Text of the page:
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Tweet and save the world? July 29, 2009

Posted by Farzana Rasool in Uncategorized.

Twitter will change the world. Twitter will stop global warming. Twitter will better educate children. Twitter will swoop in and stop women from being abused.
And all this will be done in no more than 140 characters.

Twitter has morphed from being just another social networking tool. It is now used as a news tool by media houses, a campaign tool by politicians and more recently a mobilising tool by online activists.

There was quite a political buzz around the micro-blog platform during the US election campaign in 2008 and following the disputed Iranian elections this year. This lead to the social network being used more creatively to try and mobilise people behind certain causes.

UNICEF’s Eminent Advocate for Children, Queen Rania of Jordan, is someone who believes in twitteras an activism tool. She says in an interview,queen-rania2 “I’ve seen Twitter evolve into a dynamic and diverse medium for action as well as communication. Whether it’s raising money for malaria nets or promoting your company brand, Twitter answers much more than just “what are you doing?” It’s expanded to “what is the world doing, and what can the world do?”

I find it quite difficult to imagine how questions like these can sufficiently be answered in just 140 characters at a time.

Twitter does have its advantages for activists. They can personally share their views and opinions with followers and can give their ideas as well. Even if people don’t engage with activist tweets they are atleast made more aware if they read posts about certain causes. Also, perhaps the answer is not meant to be found in single 140 character tweets but in the ‘crowd’, the sourcing of ideas, connections, material and even money using Twitter.

Queen Rania says Twitter is “about using social media for social change: creating a community of advocates who can use their voices on behalf of the voiceless, or leverage their talents, skills, knowledge, and resources to put more children into classrooms, or pressure their elected representatives to get global education top of the agenda.”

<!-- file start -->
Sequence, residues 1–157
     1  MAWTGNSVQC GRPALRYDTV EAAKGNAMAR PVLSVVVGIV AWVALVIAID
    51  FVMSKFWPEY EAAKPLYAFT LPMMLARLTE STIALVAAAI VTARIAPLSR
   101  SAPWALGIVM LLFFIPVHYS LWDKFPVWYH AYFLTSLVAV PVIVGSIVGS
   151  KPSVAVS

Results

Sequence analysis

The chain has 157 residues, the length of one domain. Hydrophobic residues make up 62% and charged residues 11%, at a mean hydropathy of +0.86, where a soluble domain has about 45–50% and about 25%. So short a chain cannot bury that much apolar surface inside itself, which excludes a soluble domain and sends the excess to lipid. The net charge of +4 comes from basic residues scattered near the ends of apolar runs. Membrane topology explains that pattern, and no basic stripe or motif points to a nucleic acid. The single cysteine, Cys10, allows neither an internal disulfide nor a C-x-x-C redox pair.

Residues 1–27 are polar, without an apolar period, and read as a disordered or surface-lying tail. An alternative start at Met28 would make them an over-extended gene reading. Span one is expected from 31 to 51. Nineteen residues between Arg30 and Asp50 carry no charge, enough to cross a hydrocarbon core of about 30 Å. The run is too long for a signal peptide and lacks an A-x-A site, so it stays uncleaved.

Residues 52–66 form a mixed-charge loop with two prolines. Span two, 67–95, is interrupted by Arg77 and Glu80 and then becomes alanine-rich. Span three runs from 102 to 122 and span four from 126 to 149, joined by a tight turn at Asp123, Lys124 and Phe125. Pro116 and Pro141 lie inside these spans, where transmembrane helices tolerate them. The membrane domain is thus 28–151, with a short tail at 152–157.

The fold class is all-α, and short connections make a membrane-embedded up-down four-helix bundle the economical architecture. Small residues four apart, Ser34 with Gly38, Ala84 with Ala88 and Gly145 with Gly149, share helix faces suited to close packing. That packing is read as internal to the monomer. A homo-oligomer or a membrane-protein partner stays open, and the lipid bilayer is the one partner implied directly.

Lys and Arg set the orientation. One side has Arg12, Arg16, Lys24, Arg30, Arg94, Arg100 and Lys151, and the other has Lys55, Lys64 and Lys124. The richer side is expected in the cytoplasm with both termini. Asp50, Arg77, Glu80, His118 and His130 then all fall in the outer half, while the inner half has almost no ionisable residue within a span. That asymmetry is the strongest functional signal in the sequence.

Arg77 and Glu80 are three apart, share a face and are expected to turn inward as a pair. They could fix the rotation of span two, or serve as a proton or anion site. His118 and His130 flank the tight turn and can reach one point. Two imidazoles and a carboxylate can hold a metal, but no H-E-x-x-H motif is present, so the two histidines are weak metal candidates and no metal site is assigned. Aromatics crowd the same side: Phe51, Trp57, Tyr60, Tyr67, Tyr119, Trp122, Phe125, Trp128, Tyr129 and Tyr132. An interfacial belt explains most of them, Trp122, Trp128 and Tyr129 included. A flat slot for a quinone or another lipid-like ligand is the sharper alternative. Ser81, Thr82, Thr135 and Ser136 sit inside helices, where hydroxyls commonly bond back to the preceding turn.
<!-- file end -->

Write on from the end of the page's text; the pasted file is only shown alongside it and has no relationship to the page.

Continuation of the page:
The question still is, how much of this they can do in just 140 characters?

Managing director of World Wide Worx, analyst Steven Ambrose points out that Twitter allows for no context and that is a problem. Due to this lack of context there will be misunderstandings and missed messages. 140 characters that are missed can be crucial.

Some see Twitter as the platform for the advocating of human rights since it is a space that reminds everyone that we are all equal. But do people really see it this way? It doesn’t seem so since they are still fascinated by the fact that they can now speak to Ashton Kutcher and John McCain.

As mentioned earlier, Twitter no doubt has its advantages for the Barrack Obamas and the Queen Ranias of the world, but for how long will the everyday person stay attentive before they move on to the next new social networking tool? How long before they tire of the spam as businesses and bloggers also push their own agendas?

Other than just the spam, people will find Twitter just too much. Eventually it will be more annoying than anything to keep up with so many people. Follow more than just a handful of people and you are bound to begin to detest the clutter.

There are 3rd party applications that can help, but not every user will be able to download the software.

The medium is the message

There is the idea that Twitter is about the triumph of humanity and not technology. It’s seen as something that people use to become smarter and to make the world a better place, but this could just refer to social networking tools in general. Any space where people are allowed to exchange ideas and opinions can be described as such.

The lengthy commentary after the interview with Queen Rania is evidence of thoughts and ideas being shared and negotiated. The difference with twitter and the main difference for me is that they would have had to say all of that in 140 characters. How rich could the conversation have been if it had to be restricted to that?

140 characters make it too short for context and this is bound to cause misunderstandings and frustrations and people won t want to use it for anything more than fun. People may continue to use it to follow their specific group of friends and favourite celebrities but will shy away from serious issues because the platform isn’t practical for such discussions.

Another thing to think about is whether the importance of serious issues become diminished when they are placed on Twitter. Does the medium become the message, meaning that they are seen more light-heartedly because they are now associated with social networking and following celebrities? It’s kind of like a honk your horn for cancer day, it becomes a game and the message is missed.

One solution is that Twitter can be used to provide links to full articles and lengthier discussions around certain causes but how many people will click on links? And for those that do, how many links can they possibly follow? Digital activism does have a small place on Twitter but it is too restricted to give Twitter the chance to stop starvation or put every child in a classroom.



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